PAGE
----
Rishi Sunak laid out plans yesterday (3 November) to turn the UK into the world’s first “net-zero financial centre” by forcing companies to be more transparent about how they will reduce their carbon emissions. Under the proposal, from 2023 all financial institutions and companies listed on the London Stock Exchange (and private companies with over 500 employees) will be forced to publish their plans for how they will reach net zero by 2050.
That’s fine for banks, which will need to spend some time delving into their investments, but which can ultimately withdraw their business from the most polluting clients. Retailers, too, can switch up their supply chains. But what about the dirtiest companies – energy providers and oil extractors and airlines, for which emitting carbon is something of a sine qua non? How do they promise to reach net zero – and what happens if they can’t?
Which industries produce the most carbon emissions?
The UK’s most polluting companies are a heady mix of energy providers, steel manufacturers and airlines, according to research published by Sky at the end of last year. At the top is energy provider RWE, which made up 2.9 per cent of the UK’s carbon emissions last year. Also in the top 15 are household names such as EDF, British Steel, SSE, ExxonMobil and British Airways.
Do the heaviest polluters have plans to reduce their emissions?
Perhaps surprisingly, most of the industries that are heavily reliant on carbon-intensive processes do have plans in place to reach net zero, or as near as possible, by 2050.
The aviation sector, for example, makes up about 2-3 per cent of global CO2-equivalent emissions (not including other effects on heating). Its industry body, Aviation UK, has outlined a three-pronged approach to hitting net zero by 2050: by using sustainable jet fuel made from rubbish, new hydrogen-powered planes, and more efficient management of airspace (flying fewer, fuller planes).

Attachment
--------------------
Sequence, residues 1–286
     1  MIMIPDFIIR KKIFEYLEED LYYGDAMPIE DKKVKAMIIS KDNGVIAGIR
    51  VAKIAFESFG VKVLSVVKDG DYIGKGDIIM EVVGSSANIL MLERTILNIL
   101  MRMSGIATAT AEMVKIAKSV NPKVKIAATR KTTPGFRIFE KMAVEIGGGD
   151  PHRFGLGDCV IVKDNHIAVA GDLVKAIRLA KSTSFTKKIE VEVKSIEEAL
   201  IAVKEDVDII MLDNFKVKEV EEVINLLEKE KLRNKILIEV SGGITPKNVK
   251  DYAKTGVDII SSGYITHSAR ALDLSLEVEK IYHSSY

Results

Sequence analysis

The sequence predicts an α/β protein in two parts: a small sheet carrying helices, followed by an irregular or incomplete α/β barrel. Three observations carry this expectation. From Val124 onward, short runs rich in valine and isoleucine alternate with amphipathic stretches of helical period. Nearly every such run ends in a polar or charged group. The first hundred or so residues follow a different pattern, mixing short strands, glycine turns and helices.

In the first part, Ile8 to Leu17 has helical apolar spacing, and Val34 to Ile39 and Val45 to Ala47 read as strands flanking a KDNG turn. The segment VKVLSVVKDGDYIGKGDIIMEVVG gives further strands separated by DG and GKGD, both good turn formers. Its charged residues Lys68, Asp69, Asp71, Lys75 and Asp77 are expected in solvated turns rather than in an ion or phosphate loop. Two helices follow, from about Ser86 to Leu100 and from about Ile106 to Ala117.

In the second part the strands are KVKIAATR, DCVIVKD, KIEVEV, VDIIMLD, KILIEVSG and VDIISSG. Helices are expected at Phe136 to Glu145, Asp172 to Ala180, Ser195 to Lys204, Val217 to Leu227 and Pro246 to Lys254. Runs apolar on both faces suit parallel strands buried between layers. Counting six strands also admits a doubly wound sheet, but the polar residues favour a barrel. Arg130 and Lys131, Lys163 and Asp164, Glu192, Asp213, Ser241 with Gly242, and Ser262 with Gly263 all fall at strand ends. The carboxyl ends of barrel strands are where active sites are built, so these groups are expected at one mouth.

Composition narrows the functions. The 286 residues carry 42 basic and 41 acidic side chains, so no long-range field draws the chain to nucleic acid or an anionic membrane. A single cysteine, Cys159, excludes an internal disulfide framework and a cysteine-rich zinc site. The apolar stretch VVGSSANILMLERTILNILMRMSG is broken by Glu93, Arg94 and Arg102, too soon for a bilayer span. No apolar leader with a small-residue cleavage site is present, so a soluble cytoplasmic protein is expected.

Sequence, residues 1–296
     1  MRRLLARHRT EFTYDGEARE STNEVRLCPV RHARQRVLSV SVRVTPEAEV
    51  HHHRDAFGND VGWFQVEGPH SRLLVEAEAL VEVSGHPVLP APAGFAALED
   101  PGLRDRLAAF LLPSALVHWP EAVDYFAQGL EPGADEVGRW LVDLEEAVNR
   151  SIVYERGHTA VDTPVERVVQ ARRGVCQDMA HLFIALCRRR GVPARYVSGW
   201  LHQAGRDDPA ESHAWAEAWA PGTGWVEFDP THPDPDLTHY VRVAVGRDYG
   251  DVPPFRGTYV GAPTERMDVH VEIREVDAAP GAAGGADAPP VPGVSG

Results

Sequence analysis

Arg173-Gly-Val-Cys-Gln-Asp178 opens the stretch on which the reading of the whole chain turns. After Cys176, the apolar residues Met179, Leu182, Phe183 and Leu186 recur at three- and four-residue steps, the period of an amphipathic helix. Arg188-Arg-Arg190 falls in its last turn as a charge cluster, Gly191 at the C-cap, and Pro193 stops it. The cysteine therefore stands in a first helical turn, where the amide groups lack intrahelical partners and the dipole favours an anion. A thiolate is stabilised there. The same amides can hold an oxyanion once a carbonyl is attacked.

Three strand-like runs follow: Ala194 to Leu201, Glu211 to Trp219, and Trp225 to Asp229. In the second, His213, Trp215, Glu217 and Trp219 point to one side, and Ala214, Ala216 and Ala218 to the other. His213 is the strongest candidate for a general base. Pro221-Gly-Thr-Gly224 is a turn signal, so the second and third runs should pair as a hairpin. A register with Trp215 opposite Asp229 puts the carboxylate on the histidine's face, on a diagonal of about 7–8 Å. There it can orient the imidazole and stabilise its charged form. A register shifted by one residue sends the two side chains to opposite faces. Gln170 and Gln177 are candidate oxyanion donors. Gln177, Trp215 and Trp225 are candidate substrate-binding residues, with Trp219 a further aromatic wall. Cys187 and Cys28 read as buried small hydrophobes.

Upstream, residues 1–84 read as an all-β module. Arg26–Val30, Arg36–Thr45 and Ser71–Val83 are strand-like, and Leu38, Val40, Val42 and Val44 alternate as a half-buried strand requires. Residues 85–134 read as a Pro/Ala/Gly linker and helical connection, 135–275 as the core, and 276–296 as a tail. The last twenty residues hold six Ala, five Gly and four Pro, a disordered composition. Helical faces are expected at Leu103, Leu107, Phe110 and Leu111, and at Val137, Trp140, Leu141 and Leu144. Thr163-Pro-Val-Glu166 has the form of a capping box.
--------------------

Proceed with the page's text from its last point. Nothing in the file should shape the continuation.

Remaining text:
Even the body behind the UK’s offshore oil and gas sector, Oil & Gas UK, claims it is clearing a “pathway to becoming a net-zero basin”, with plans to reduce emissions by 50 per cent by the end of this decade and to invest in hydrogen, carbon capture and storage, and solar.
Energy UK, which represents energy companies, told the New Statesman it has a plan to transition from fossil fuels to renewables, and has made good progress, cutting greenhouse gas emissions by 68 per cent over the past decade, “which represents over half of the UK’s reduction during this time”. “The energy sector is looking to reach net zero much earlier than 2050,” it said, citing a commitment it made last week to hit net zero “in the 2030s”.
What about the coal sector?
And the very dirtiest part of the very dirtiest sector – coal power? In the UK, the amount of power generated by coal has fallen fast, from 25 per cent of the UK’s electricity five years ago to just 1.6% last year. There are three coal-fired power stations left in the UK, but by 2024 they’ll have been phased out altogether.
Coal production has also plummeted, and hit an all-time low of 1.7 million tonnes last year, down from 92.8 million tonnes in 1990. But the government is currently considering opening a new coal mine in Cumbria, which would push up production.
“The companies that are in trouble are pure-play coal companies,” said Nina Seega, research director for sustainable finance at the Cambridge Institute for Sustainability Leadership. She said they are “in trouble for more than climate reasons – they are uneconomical to run.
“In some jurisdictions, we are at a stage of what’s called grid disruption, which means that effectively it’s cheaper to close down a coal power plant and build a renewable one than to continue running a coal power plant.”
Will companies avoid scrutiny by going private?
What if, instead of finding ways to clean up their acts, the dirtiest industries simply decide to delist from the stock exchange? Private equity firms spent more than £11bn taking British companies off the market in the first half of this year, and private companies are not held to the same corporate governance rules. Seega didn’t think this would be an issue in terms of carbon planning, however.
“Private equity companies have a very hard eye towards their profitability, and the dirtiest fossil fuels such as coal are fundamentally not profitable. So I don’t think that is a concern,” she said.
[See also: World signals the beginning of the end for coal]